You are on page 1of 12

1. Introduction to ASP.

NET:

a. Your First ASP.NET Program

b. Event-driven Programming

2. Basic Controls:

a. Understanding Controls

b. Buttons

c. Textboxes

d. Image and Link buttons

e. Checkboxes & Radio Buttons

f. DropDown Menus & ListBoxes

3. Writing Applications

a. Code-Behind

b. Sessions

c. Application Design

d. Configuration

e. User Controls

f. Visual Studio

4. Accessing Data

a. Data Binding

b. Data Grids

c. Data Base Access

C#

1) Understanding C# Language Fundamentals

a. Understanding the Fundamentals of a C# Program

b. Using C# Predefined Types

c. Writing Expressions

d. Creating Conditional Statements

e. Creating Iteration Statements

2) Creating Objects in C#

f. Defining a Class

g. Declaring Methods

h. Using Constructors

i. Using Static Class Members

3) Programming with C#

j. Using Arrays

k. Using Collections

l. Using Interfaces

m. Using Exception Handling

An Introduction to RDBMS Basic SQL Statements Restricting and Sorting Data SQL Functions SQL LAB-1 SQL Joins Subqueries Data Manipulation Language (SQL) SQL LAB-2 SQL LAB-3 Creating and Managing Tables Constarints in SQL Views - SQL Creating DataBase Objects Controlling User Access SQL LAB-4 SQL LAB-5

Class 1: Why Patterns and Introduction to UML

This chapter discusses the reasons why you should study design patterns. Design patterns offer the ability to reuse solutions, not just code. By reusing already established designs, you get a head start on problems and avoid gotchas, you benefit by learning from the experience of others, and you dont have to reinvent solutions for commonly recurring problems. Design

Class 2: Singleton and Factory

Singleton Few solutions require the use of a single object instance across the whole solution, for example naming services or cached objects. This chapter will introduce the singleton pattern as a solution, along with variations for thread safety, and other varieties of single instance based on thread affinity.

Factory There are occasions when you want to decouple the knowledge of which type to create from the client code that creates that type. Factories allow you do this by encapsulating the necessary knowledge of how to create the object thus allowing the actual implementation used to vary at runtime. Factories are useful for building pluggable architectures and for creating application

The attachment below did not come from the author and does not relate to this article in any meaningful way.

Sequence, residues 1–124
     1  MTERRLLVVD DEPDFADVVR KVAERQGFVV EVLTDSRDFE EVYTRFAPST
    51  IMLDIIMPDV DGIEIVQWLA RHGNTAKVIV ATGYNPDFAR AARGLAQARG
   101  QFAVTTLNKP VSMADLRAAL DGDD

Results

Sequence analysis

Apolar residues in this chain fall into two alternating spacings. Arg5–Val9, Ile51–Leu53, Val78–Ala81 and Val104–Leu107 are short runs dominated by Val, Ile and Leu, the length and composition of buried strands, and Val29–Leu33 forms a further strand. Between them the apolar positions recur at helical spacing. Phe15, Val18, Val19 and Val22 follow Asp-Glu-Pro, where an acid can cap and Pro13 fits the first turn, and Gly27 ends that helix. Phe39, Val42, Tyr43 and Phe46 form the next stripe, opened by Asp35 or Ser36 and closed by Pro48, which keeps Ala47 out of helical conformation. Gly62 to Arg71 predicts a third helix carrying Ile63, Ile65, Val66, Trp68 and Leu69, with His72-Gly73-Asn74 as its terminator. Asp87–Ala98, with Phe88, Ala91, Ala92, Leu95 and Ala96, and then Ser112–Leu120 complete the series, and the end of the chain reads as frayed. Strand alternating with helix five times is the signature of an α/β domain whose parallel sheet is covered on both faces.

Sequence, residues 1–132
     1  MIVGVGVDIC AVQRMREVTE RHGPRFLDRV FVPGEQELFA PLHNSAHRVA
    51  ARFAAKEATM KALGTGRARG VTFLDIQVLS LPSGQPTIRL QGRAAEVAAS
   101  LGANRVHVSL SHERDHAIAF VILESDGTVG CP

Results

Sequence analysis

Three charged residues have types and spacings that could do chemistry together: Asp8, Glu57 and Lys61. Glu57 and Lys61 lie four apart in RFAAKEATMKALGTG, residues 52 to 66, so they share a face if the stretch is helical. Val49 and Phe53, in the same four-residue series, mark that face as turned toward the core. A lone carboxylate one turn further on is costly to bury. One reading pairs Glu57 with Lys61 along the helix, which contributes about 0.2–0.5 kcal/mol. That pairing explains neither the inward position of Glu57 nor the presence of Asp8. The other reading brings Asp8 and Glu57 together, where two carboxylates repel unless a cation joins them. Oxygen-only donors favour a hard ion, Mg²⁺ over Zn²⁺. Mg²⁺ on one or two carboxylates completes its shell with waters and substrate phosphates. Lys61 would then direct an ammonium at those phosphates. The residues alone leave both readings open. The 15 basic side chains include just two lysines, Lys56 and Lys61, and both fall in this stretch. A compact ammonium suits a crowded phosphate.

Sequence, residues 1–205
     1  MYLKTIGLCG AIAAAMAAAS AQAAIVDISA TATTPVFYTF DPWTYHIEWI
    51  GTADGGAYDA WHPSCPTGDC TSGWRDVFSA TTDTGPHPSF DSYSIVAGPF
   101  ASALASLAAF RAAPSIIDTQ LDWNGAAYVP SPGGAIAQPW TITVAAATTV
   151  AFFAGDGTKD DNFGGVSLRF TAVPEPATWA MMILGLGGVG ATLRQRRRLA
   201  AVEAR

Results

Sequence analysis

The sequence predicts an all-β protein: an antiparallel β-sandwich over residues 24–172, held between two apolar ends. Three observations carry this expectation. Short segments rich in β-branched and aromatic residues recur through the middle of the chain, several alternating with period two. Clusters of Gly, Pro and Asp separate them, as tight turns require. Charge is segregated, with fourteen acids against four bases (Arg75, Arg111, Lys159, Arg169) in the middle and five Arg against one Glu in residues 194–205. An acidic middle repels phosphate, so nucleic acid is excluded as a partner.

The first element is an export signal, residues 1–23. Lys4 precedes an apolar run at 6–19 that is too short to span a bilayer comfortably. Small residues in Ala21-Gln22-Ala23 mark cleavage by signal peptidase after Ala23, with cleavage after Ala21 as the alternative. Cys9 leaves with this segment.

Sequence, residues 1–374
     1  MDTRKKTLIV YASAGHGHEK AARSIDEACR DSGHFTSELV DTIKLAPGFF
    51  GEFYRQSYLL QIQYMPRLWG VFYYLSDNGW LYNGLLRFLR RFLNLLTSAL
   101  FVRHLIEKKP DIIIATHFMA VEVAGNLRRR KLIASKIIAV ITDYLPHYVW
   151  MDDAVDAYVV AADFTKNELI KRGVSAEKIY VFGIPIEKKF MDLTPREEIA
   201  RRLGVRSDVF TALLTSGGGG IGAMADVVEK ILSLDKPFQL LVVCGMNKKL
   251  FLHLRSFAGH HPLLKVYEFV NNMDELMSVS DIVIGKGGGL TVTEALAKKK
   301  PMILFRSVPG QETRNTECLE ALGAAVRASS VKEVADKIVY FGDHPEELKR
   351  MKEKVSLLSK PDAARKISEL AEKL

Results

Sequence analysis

Class 3: Decorator and Observer

Decorator One of the key design pattern goals is to write code that is closed for modification and open to extension. This pattern shows that an objects behavior and responsibilities can be extended at runtime, as opposed to design time using inheritance. This allows us to combine a variety of behaviors far more efficiently that normal inheritance. Examples of decorators in the

Observer The ability to notify interested entities of changes to an object state is a fundamental requirement of most object-oriented solutions. There are many ways to do this, but there is a danger that we will build a tightly coupled system and we prefer to build a loosely coupled system. The typical way of implementing the observer pattern is to use interfaces, but here we show

Class 4: Strategies and Templates What we can be 100% sure of with software is that it constantly needs to evolve. What we also know is every time we change existing working code there is a risk that we break it. What we need is an approach that allows the software to evolve without having to modify existing working code. The strategy and template patterns allow us to build solutions that can evolve without

Class 5: Command I and Command II and State

Command I In this chapter, we examine the command pattern. The command pattern allows us to encapsulate invocation, allowing the invoker to be decoupled from the client and the recipient, this enables us to build a variety of different invokers to deliver custom thread pooling, and invocation logging to build fault tolerant solutions.

Command II In this chapter we extend the command pattern to not only encapsulate forward invocation but also undo invocation, allowing us to build a complex undo sequence through a series of simple undo commands. This pattern can then be combined with transaction support inside .NET to build transaction aware types.

State In many cases object behavior depends on the state an object is in. When the state of an object changes the behavior of the object also changes. This is typically modeled through the use of finite state machine. This pattern provides a means to map a finite state machine into a series of classes where each class represents a different state, thus providing different behaviors.

Class 6: Adapter and Facade Client's code is often written against a specific interface. As classes evolve, interfaces may change and the client needs a way to adapt to the changing interface. If there are many clients this would result in a lot of dangerous change. The adapter pattern solves this problem by building an adapter that can convert calls from one type hierarchy to another. Facade allows us to

Class 7: Iterator, Composite, and Visitor There is often a need to touch and process every object inside an object hierarchy, for example walking over user interface control objects, XML documents, business entities, file systems, etc. The iterator pattern provides a standard means to achieve this. .NET provides a standard implementation of iterator, further the C# language simplifies the implementation further

Class 8: Anti Pattern and Best Practices

During software development, we often come across common recurring problems in our code. These can be categorized as anti patterns. In t

rized as anti patterns. In this chapter, we will look at common anti patterns and how to fix them and avoid them.